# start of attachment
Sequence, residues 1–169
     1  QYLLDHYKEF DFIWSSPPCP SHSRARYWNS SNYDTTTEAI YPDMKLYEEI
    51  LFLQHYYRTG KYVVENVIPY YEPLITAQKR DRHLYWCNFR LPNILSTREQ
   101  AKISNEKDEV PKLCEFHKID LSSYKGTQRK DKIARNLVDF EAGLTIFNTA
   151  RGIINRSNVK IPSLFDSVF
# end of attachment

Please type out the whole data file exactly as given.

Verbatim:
Sequence, residues 1–169
     1  QYLLDHYKEF DFIWSSPPCP SHSRARYWNS SNYDTTTEAI YPDMKLYEEI
    51  LFLQHYYRTG KYVVENVIPY YEPLITAQKR DRHLYWCNFR LPNILSTREQ
   101  AKISNEKDEV PKLCEFHKID LSSYKGTQRK DKIARNLVDF EAGLTIFNTA
   151  RGIINRSNVK IPSLFDSVF